The second area requiring focus is the particular sphere of influence and responsibility of museums, and of art museums in particular. How can we harness the power of art and artists—and the museums that serve as platforms and caretakers—to shape an inclusive vision of America? Because of who we are and what we do, to do this means reckoning with the past.

If police enforce structures of power, museums enforce myth. And it is myth that sustains systemic racism in this country: the idea, written across our history as Americans, that Black people are somehow lesser. Many have spoken about this, including Bryan Stevenson, in an activist mode, and Henry Louis Gates Jr., in a historical one. Stevenson said in a recent interview, “We have never honestly addressed all the damage that was done during the two and half centuries that we enslaved Black people. The great evil of American slavery wasn’t the involuntary servitude; it was the fiction that Black people aren’t as good as white people, and aren’t the equals of white people, and are less evolved, less human, less capable, less worthy, less deserving than white people…. For me, you can’t understand these present-day issues without understanding the persistent refusal to view Black people as equals.” The point is both that it was an invention, and that myth matters. Or, as Baldwin puts it in a characteristic vein, “If I’m not the n----- here, if you, the white people of this country, invented him, then you have to find out why.”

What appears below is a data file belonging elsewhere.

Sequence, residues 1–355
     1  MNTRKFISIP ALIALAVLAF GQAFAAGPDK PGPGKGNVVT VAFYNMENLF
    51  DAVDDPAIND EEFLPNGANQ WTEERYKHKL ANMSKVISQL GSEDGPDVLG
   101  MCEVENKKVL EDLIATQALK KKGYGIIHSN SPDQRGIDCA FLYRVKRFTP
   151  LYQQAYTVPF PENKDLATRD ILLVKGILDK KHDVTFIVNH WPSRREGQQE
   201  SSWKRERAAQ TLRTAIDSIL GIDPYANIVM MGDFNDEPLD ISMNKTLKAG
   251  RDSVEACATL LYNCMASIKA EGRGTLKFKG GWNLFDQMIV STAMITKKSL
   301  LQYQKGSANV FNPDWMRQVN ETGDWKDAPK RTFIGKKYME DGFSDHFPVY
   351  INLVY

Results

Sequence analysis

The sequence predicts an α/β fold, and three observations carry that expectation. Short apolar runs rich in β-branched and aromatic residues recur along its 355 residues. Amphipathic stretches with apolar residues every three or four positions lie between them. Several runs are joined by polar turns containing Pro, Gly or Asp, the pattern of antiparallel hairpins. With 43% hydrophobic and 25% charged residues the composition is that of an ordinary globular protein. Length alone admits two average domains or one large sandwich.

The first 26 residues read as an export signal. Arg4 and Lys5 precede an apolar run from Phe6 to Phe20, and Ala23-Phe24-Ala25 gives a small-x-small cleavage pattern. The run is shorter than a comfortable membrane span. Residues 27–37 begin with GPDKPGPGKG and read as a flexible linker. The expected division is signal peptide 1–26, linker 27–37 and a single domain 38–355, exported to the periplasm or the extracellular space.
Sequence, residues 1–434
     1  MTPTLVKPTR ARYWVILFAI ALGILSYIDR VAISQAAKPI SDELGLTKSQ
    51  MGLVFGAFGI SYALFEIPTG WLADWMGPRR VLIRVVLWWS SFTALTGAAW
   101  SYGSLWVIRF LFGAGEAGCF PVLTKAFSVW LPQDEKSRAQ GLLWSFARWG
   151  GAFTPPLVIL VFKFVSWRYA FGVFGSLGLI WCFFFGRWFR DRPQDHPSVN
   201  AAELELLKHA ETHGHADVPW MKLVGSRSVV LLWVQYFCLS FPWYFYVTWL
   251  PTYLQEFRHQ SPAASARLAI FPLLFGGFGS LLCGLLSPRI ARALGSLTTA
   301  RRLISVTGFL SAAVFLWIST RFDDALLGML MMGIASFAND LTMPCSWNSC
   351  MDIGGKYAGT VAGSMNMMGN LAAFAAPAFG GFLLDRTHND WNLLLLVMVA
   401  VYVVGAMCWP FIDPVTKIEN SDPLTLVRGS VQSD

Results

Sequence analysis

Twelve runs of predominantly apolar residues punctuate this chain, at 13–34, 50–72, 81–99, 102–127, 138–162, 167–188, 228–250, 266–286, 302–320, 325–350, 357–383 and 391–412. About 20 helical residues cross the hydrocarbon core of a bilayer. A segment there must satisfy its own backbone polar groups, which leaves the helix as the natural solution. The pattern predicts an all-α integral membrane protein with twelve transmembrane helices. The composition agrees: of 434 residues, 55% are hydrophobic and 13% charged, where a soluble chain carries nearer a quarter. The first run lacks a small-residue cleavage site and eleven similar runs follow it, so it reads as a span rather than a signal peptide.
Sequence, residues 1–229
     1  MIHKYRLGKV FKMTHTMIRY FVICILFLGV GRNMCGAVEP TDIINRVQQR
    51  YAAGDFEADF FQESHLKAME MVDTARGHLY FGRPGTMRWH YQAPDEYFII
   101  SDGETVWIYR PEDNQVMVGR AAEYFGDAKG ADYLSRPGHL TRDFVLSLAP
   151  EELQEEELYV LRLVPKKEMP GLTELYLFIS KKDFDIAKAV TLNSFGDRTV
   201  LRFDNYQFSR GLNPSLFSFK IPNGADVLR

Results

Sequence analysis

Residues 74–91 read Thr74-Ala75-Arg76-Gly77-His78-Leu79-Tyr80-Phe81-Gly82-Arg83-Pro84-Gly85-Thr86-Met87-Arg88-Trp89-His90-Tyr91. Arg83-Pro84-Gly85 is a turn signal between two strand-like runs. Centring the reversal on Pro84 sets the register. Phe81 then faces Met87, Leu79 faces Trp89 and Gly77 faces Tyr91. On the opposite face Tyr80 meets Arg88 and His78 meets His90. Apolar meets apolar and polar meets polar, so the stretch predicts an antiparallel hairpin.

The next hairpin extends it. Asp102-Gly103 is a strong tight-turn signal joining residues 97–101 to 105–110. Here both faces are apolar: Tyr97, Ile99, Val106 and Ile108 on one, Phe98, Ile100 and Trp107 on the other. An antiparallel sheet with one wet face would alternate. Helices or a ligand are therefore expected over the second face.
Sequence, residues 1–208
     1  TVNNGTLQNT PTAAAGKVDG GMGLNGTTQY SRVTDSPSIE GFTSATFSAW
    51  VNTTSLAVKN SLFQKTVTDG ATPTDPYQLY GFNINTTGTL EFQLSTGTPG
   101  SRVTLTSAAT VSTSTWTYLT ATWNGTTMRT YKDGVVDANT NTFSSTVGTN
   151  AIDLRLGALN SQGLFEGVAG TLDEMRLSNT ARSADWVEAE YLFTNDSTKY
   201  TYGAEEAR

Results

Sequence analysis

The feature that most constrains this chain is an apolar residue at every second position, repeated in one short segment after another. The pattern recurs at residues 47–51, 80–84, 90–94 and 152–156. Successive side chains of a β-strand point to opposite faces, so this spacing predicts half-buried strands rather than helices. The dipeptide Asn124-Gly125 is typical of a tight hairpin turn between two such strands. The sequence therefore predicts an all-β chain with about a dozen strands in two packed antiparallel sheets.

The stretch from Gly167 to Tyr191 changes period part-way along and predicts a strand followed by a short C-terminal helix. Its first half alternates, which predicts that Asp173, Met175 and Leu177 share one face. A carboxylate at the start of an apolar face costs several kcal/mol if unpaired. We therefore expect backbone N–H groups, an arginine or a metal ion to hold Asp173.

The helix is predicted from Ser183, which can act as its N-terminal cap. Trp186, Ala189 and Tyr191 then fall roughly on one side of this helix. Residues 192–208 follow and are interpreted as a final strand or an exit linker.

Changing America means dismantling the myths of white supremacy, challenging its images and imaginary. And here museums have a special role. It’s not necessarily that we individually subscribe to any of these beliefs. And museums can be justly proud of the increased racial diversity of collections, exhibitions, and programs seen in recent years: At MoMA, scholarly exhibitions of the work of Betye Saar, Charles White, and Pope.L, to note a few, play a role in incrementally shifting the canon, and the range of new acquisitions in our reopening display speaks to intention and commitment.

Nonetheless, assumptions creep in almost without notice in the way we think about the map of our concern, the way we speak about issues of quality and value, and the way we tell the history of art, or who we chose to speak about what kind of art. This is the legacy of the structure of our field. Most damaging, perhaps, is the degree of intellectual segregation we tolerate, years after our institutions have been legally integrated, as the poet Crystal Williams has helped me see. Art history is divided, and it’s not in museums alone. In universities and schools, a primarily white art history is taught in art history departments. Art History 101 might pause for a class on the Harlem Renaissance or more recently include the names of Black contemporary artists, but to really learn about Black artists, about Black intellectual, political, social, and cultural history, you have to go to a department of African American studies. Faculty and grad students may not know each other, job markets and journals are separate and unequal.

Harlem Artists’ Guild and Artists’ Union members picketing, late 1930s. Gwendolyn Bennett is at center, Norman Lewis is on the right; behind them in a white hat is Frederick Perry.